|Go for strength over showy|
In thinking particularly about Nordic skiing, the core is hugely important. Without adequate core strength, you will often see people skiing with their hips behind them, gliding with their weight predominantly on their heels instead of more appropriately, on the ball of the foot. Furthermore, a lack of core strength will manifest itself in the form of a cranky lower back after your first few skis of the season. Because skiing is such a dynamic sport, demanding that you be in a forward-leaning position and alternating between tensed and relaxed, you need a sturdy core to take the load off your lower back.
We prefer a max strength approach to core training, as opposed to the "1000 crunches every day" routine. Yes, you will get a ripped tummy with that many exercises (provided you're not snuggling up with Mr. Goodbar thrice a day), but will it make you stronger? We go for few reps and a high load to get maximal engagement of the core, complete with (and this part's crucial) correctly-fired muscles. Put another way, you want to engage your deeper core muscles INSTEAD of your superficial rectus abdominus. The easiest way to do this is, when doing a sit-up, focus on pulling up your pelvic floor; pretend your trying to hold in a pee. You'll notice your stomach contract and tension in your pelvic region, distal to your navel.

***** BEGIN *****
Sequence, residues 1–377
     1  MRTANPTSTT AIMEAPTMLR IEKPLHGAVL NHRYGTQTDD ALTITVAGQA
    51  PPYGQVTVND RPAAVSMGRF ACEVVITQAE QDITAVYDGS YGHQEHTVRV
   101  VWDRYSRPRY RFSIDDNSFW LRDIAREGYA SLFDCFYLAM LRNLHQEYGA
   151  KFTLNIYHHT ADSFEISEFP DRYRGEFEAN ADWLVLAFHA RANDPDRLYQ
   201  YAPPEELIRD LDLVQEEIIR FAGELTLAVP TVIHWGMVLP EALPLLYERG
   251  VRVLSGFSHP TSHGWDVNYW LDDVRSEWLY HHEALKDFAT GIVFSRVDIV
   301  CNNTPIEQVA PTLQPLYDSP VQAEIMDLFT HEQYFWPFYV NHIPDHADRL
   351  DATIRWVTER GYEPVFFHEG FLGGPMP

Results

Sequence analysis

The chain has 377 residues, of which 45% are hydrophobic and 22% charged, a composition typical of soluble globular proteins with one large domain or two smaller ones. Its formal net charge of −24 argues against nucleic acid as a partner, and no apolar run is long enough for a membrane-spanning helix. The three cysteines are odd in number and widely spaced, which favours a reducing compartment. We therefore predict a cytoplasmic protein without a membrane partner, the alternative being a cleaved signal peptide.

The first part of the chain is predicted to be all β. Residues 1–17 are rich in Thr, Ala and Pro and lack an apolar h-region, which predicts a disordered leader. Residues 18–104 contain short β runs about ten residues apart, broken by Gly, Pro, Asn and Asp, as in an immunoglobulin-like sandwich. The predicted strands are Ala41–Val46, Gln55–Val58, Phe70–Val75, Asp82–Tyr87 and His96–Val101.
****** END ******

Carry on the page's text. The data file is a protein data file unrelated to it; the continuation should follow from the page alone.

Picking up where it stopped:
For a more visual reference, picture this: when you're using mainly your rectus abdominus in a sit-up, it will bulge from your stomach, mimicking a "bread loaf". Our good friend Dr. Colleen Ryan, DPT, coined that term and we think it fits very well. In contrast to the bread loaf look, an engaged deep core will display a flat stomach:
|The incorrect engagement - note the "bread loaf" abs. Notice also how curved the cervical spine is; a true, challenging sit-up involves a straight back, relying more on the deep core muscles instead of "rolling" along the spine and using the rectus.|
|A flat, sexy stomach in a sit-up is a sign of a strong core. See as well how the spine isn't as curved; when conducting the sit-up be sure to have the neck at a natural angle, as it would be if you were standing upright and looking straight ahead.|